2016 Year in Review: Politics

WASHINGTON (CNN) – Politics in 2016 was dominated by the question of who would be the next President of the United States. However, the current Commander-in-Chief made plenty of headlines of his own, with the agenda for his final year in the White House.

More than a dozen men and women began 2016, in the race to succeed President Obama.

With his finish line in sight, President Obama started the year, at a fast pace. Starting with an issue that, to his dismay, has shaped his presidency. Gun control, part of a busy first 3 months. Then the nuclear deal with Iran, moves that ruffled Republicans.

The first visit by a sitting U.S. President to Cuba in almost 90 years. But President Obama couldn’t anticipate everything.

Antonin Scalia, the court’s most vocal conservative, died in February, at age 79. In March, the President nominated Merrick Garland to fill the vacancy. Just months from a Presidential election, the Republican Senate majority, was determined to block it.

“It is the Senate’s constitutional right to act as a check on a President,” said Sen. Mitch McConnell, (R) Kentucky.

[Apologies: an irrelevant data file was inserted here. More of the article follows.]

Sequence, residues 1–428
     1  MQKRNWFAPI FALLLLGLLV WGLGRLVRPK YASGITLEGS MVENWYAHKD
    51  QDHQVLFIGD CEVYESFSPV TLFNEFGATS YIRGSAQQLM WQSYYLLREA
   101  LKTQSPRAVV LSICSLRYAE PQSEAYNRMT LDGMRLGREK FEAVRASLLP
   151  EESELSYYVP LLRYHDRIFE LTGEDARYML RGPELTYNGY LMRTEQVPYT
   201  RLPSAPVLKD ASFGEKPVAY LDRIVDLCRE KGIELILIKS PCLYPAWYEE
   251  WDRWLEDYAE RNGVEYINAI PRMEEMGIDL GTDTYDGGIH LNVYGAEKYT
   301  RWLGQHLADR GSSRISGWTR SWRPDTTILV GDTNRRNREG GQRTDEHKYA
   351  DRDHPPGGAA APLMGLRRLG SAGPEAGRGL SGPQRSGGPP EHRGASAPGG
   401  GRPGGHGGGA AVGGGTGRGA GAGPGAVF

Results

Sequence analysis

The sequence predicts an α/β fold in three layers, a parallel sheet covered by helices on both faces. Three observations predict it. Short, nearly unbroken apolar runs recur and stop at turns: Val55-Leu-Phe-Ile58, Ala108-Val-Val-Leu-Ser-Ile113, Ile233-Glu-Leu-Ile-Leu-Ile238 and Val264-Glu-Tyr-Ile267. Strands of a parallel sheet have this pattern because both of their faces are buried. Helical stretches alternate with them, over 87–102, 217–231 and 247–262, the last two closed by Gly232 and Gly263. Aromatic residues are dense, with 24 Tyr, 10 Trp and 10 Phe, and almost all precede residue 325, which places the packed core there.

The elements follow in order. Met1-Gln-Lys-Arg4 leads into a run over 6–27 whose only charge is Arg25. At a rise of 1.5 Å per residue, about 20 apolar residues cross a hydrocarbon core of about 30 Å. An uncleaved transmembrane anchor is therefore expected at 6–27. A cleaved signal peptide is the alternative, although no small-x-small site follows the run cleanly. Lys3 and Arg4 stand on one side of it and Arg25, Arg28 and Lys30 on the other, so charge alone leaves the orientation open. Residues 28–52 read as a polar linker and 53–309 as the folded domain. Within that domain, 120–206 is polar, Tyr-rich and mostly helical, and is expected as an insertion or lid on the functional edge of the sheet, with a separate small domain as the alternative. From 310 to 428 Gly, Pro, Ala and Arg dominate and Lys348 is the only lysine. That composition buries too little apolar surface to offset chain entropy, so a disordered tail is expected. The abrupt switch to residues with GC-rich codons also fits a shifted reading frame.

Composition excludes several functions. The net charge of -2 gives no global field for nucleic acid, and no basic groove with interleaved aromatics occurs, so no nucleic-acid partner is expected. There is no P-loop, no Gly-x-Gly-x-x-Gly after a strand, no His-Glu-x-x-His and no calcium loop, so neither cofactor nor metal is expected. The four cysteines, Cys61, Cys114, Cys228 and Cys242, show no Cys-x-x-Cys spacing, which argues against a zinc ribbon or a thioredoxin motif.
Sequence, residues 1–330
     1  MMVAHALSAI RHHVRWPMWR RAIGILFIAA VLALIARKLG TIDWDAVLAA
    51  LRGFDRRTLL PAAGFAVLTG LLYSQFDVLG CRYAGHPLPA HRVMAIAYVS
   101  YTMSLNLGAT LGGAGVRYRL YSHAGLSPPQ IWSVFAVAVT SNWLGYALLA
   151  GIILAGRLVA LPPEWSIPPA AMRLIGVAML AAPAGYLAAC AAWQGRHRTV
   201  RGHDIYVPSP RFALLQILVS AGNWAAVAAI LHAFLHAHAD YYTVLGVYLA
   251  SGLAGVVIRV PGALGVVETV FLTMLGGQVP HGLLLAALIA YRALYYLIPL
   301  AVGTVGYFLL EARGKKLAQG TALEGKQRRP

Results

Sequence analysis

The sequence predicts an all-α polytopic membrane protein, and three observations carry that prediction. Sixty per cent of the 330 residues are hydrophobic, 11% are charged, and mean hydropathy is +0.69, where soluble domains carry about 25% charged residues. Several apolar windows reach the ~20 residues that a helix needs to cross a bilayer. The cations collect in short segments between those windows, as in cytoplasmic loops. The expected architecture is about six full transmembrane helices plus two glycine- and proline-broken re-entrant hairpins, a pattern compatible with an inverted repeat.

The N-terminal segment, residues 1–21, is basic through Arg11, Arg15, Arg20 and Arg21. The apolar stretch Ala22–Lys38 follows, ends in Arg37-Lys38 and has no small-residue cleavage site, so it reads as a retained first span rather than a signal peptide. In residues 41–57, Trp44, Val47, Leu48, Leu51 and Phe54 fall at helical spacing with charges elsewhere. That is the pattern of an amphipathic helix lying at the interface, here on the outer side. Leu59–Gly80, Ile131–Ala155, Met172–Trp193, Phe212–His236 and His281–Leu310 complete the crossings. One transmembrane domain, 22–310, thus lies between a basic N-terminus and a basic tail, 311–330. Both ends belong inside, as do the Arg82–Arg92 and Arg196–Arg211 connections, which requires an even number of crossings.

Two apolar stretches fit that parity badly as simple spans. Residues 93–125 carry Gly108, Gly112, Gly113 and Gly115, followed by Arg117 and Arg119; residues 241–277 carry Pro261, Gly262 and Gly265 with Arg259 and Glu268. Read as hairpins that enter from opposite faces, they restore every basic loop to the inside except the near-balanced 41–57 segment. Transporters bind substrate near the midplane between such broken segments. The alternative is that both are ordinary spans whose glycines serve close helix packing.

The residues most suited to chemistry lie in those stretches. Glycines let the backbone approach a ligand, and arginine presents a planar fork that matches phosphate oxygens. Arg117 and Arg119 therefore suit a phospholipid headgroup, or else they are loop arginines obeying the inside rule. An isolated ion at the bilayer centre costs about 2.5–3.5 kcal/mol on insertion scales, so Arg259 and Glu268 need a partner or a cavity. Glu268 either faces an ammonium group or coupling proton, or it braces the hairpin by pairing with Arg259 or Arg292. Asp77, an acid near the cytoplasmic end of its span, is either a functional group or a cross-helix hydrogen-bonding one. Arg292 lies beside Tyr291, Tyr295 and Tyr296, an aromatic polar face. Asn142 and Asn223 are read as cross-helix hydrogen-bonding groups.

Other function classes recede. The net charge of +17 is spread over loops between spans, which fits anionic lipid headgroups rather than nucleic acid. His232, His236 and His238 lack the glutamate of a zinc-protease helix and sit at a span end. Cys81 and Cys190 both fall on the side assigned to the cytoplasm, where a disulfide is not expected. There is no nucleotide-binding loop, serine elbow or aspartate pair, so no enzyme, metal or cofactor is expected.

One consequence of an even-numbered court, a 4-4 non-ruling in June, that effectively blocked President Obama’s executive orders on immigration.

As the primary calendar wound down, so did the number of candidates.

Donald Trump: “Today was the day where we hit the 1,237”
Hillary Clinton: “We are all standing under a glass ceiling.”

The heated presidential campaign would pit a political insider versus a billionaire outsider.

Hillary Clinton: “Friends don’t let friends vote for Trump.”
Donald Trump: “She’s the candidate of the past.”

Ahead of their first debate in September.

Donald Trump: “She’s got experience, that I agree. But it’s bad, bad experience.”
Hillary Clinton: “Why won’t he release his tax returns?”

October, brought surprises. For Donald Trump, a vulgar hot mic moment revealed. And multiple accusations of sexual misconduct, which he denied.

For Hillary Clinton, the FBI Director’s announcement that the agency was giving emails on the private server she used while Secretary of State another look.

However, the real political stunner came in November. An upset that left Clinton just shy of history.

“I know how disappointed you feel because I feel it too,” said Hillary Clinton.

Days after the election, Trump came to Washington. And the President-elect began assembling an administration, that, along with GOP majorities in the House and Senate, will shape American and global policy in 2017, and beyond.

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